Our patient developed the typical manifestations of TGA following stem cell transfusion, including disorientation to time and place, the acute onset of anterograde amnesia manifested by asking the same questions repetitively, preservation of consciousness and retrograde amnesia of the whole event.5 This diagnosis was further confirmed by a brain MRI that showed the typical MRI abnormality described in patients with TGA.6 The temporal relationship between the infusion of cryopreserved stem cells and the episode of TGA suggests the existence of a causal association between the infusion and the patient’s symptoms. Although midazolam is known to produce anterograde amnesia independently of sedation,7 it is highly unlikely to explain the clinical manifestations in this case for a number of reasons; the low dose of midazolam used in this case typically only produces partial anterograde amnesia and more importantly does not cause any retrograde amnesia.8 In addition, the duration of the episode and the typical MRI findings strongly argue for a diagnosis of TGA.
Neurological complications following stem cell infusion have been rare. Only three of 179 consecutive patients experienced neurological complications during stem cell infusion.9 Two of the patients suffered a cerebral infarction, while the third was presumed to have experienced an episode of TGA. The diagnosis was however uncertain and was only based on the fact that the patient had a retrograde amnesia for events spanning one week.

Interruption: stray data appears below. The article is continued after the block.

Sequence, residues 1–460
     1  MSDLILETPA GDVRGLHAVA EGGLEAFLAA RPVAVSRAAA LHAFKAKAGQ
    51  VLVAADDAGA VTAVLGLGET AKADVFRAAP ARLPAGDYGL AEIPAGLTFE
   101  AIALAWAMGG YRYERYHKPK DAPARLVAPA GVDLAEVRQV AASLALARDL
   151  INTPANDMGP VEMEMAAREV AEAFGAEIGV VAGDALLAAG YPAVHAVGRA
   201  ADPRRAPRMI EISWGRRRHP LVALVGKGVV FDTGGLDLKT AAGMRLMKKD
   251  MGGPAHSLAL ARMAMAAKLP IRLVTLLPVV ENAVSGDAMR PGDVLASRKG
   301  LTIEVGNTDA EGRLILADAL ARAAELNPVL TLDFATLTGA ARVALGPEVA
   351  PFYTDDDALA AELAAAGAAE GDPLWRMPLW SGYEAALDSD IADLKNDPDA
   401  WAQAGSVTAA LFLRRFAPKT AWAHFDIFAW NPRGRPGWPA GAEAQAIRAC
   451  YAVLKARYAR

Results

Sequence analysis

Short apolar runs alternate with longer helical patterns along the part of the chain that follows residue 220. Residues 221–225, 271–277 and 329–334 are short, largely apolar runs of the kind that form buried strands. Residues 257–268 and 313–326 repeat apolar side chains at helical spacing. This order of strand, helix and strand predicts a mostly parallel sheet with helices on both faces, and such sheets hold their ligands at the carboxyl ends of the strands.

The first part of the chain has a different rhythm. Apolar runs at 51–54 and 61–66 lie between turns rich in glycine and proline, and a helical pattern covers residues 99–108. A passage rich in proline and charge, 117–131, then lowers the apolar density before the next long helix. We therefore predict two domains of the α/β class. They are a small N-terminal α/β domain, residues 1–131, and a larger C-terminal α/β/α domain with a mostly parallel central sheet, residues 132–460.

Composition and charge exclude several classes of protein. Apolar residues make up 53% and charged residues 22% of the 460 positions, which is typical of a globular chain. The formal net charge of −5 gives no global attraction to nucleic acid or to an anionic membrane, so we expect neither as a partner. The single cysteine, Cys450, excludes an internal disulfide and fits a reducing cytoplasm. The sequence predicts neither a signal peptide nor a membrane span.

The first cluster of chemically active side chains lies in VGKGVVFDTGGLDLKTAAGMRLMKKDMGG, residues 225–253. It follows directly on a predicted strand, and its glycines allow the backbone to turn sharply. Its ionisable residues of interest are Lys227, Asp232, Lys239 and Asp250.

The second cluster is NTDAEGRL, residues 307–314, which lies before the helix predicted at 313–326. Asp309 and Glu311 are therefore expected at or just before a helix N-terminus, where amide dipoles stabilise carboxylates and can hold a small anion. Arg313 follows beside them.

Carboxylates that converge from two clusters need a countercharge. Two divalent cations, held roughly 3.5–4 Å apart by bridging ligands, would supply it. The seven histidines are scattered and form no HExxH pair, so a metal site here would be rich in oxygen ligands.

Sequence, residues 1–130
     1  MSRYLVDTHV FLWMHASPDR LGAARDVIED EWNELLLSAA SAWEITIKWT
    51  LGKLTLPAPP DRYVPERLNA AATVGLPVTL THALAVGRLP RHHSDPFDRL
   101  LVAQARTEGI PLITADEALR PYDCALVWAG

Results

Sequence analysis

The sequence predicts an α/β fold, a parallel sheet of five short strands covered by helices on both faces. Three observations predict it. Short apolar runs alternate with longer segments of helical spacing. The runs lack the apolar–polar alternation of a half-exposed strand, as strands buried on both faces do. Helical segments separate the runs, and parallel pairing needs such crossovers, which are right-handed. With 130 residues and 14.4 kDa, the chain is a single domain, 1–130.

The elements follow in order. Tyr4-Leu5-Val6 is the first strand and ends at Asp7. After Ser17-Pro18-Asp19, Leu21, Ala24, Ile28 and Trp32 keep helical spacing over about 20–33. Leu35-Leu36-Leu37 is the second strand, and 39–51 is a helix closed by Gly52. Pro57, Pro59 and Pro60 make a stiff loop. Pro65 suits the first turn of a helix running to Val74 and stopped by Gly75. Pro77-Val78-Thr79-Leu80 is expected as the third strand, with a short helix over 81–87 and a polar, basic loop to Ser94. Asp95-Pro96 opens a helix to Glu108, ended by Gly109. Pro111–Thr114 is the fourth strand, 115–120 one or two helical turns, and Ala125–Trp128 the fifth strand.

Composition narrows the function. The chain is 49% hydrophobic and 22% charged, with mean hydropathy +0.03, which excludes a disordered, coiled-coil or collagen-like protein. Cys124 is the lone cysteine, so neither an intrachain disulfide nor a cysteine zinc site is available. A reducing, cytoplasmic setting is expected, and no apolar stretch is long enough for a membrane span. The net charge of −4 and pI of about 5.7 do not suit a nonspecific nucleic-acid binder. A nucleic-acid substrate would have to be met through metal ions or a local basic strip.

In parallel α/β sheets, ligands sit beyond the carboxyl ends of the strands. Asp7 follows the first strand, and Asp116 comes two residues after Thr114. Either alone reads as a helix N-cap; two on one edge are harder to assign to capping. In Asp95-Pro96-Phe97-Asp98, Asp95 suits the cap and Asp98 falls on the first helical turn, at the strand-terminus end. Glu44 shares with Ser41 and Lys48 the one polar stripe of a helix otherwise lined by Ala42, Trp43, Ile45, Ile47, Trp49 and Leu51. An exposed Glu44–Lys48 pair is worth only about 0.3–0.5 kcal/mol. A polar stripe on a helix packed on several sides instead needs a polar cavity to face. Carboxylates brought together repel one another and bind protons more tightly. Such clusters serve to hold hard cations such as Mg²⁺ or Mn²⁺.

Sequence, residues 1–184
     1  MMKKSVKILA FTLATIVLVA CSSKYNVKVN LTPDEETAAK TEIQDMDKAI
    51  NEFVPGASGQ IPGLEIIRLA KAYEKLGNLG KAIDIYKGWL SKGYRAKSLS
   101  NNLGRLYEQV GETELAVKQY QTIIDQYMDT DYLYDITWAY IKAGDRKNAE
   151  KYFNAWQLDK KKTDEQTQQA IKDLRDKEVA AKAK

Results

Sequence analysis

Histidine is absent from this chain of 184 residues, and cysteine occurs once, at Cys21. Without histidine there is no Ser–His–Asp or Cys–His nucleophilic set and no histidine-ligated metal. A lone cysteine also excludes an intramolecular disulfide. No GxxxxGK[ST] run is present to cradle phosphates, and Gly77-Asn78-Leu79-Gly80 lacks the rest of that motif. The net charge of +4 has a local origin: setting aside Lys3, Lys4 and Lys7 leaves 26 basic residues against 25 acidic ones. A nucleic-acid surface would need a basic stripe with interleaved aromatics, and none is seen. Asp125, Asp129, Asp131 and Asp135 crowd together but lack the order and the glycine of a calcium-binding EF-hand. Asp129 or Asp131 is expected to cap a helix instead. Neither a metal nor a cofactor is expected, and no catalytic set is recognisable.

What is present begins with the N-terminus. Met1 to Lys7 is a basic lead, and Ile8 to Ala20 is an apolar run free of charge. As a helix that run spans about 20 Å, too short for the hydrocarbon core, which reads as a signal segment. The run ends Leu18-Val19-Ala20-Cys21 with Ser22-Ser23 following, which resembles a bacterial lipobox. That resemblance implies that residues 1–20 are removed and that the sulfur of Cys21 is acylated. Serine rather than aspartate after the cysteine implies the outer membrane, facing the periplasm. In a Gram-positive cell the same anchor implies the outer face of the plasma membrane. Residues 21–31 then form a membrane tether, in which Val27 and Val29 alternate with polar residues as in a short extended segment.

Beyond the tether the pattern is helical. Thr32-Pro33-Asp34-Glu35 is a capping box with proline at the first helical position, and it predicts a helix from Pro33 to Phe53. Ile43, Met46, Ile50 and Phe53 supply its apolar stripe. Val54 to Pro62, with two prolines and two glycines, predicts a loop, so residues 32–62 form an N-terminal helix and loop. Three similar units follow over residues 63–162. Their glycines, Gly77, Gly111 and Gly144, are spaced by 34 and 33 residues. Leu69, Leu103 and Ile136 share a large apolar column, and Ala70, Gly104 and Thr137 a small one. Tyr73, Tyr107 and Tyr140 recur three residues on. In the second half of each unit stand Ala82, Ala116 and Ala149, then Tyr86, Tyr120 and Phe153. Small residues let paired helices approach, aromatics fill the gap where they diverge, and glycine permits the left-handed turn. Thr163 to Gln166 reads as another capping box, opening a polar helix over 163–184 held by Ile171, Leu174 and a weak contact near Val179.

Despite the variety of proposed mechanisms for TGA, there is general agreement that the pathological changes affect the mediobasal temporal region, the hippocampus, and the parahippocampus.10 In our patient, the episode of TGA could have resulted from a toxic effect of DMSO or as a secondary complication of hyperventilation. Favoring the possibility of a direct toxic effect is the finding that local infusion of DMSO can cause acute vasospasm in swine, a minority of whom also had microscopic histopathologic changes suggestive of angiotoxicity.11 The other possibility is that the anxiety and hyperventilation induced by the infusion led to the TGA. Prior to the episode of TGA, our patient was quite anxious, hyperventilated and developed respiratory alkalosis. This could have resulted in alkalosis induced cerebral vasoconstriction with secondary ischemia in memory relevant structures.12
While the pathophysiology remains unclear, our case indicates that infusion of cryopreserved stem cell products may result in TGA. This observation underlines the need for reducing the concentration of DMSO or even depleting it before transfusion. Studies are needed to verify if these measures will limit neurotoxicity or other adverse manifestations of DMSO.